Chemical assaults: how common are they and what’s the law? | London

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A manhunt is under way for the perpetrator of a corrosive substance attack in south London.

Here we take a look at corrosive substance attacks, what they are, how often they occur and the relevant legislation.

What is a corrosive substance attack?

Acid attacks are a form of violent assault involving the act of throwing acid or a similarly corrosive substance on to someone’s body with the intention to harm or kill, according to the UK charity Acid Survivors Trust International (Asti).

“Given its nature, the effects of an acid attack prompt instant and excruciating pain, and injuries cause life-changing disabilities,” it says.

It is understood an alkaline substance was used in the attack in Clapham.

Where do attackers get the corrosive substances from?

Acids and alkaline-based substances are available from retailers, in store and online. Strong household cleaners contain strong acids and alkalis. Products such as bleach and oven cleaner are alkaline substances.

How common are corrosive substance attacks?

The Metropolitan police chief, Sir Mark Rowley, says they are “exceedingly rare”.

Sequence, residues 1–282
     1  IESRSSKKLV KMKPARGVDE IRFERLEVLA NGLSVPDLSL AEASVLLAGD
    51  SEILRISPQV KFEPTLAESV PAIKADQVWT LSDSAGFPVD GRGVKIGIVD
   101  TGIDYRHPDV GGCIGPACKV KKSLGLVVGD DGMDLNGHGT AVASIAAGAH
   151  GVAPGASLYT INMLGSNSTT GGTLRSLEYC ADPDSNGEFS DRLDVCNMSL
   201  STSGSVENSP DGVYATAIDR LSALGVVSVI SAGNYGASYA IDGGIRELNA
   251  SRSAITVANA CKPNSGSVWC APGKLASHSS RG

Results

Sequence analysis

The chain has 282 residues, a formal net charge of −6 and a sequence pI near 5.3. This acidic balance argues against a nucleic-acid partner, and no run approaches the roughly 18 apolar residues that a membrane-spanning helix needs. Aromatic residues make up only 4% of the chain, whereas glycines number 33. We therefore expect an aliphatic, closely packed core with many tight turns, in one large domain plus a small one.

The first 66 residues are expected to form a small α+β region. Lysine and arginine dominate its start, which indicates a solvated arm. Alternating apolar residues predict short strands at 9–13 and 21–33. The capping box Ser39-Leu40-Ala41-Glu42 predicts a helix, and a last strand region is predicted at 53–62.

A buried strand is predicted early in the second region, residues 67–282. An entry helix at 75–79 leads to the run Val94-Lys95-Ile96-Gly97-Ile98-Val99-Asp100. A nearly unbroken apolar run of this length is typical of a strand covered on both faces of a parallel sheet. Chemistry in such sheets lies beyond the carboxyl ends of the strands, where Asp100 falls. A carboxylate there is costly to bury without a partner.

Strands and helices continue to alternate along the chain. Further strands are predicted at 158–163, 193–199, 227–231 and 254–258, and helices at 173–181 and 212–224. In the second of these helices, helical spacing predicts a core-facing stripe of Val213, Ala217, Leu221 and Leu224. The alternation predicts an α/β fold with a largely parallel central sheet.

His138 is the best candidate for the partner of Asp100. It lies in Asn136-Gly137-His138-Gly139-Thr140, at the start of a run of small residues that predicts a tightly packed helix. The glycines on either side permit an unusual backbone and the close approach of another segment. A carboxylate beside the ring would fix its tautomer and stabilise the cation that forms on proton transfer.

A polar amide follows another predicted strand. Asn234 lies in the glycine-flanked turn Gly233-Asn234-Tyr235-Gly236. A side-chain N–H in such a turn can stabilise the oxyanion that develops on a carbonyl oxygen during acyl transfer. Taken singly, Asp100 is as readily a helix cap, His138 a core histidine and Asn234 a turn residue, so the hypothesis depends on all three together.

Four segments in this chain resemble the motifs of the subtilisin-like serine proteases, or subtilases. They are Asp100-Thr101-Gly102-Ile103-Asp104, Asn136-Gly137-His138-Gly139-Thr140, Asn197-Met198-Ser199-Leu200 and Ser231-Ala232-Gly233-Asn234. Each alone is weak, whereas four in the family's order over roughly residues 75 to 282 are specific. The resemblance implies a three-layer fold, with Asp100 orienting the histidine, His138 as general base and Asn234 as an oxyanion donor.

Using freedom of information requests, Asti obtained figures that show the police in England and Wales recorded 710 corrosive substance attacks in 2022, the most recent data available. This was up from 421 in 2021 during the Covid pandemic.

They peaked at 949 in 2017 before new legislation targeting the sale and possession of corrosive substances was introduced.

NHS data for England shows 82 admissions to hospital in 2022-2023, and in earlier years roughly averages about 100 admissions a year. The region with the highest number of admissions in the most recent years was the north-west.

Clapham chemical assault: police statement on ‘horrific’ attack – video

What is the law?

New measures targeting attacks with corrosive substances came into force in 2022.

They were part of the Offensive Weapons Act of 2019, which introduced two new offences: selling a corrosive product (both over the counter and online) to a person under the age of 18; and possessing a corrosive substance in a public place without good reason or lawful authority.

Possession of a corrosive substance in a public place carries a prison sentence of up to four years. It was already a crime under the Offences against the Person Act 1861 to use a corrosive substance with intent to inflict grievous bodily harm. This offence carries a maximum sentence of life imprisonment in England, Wales and Northern Ireland.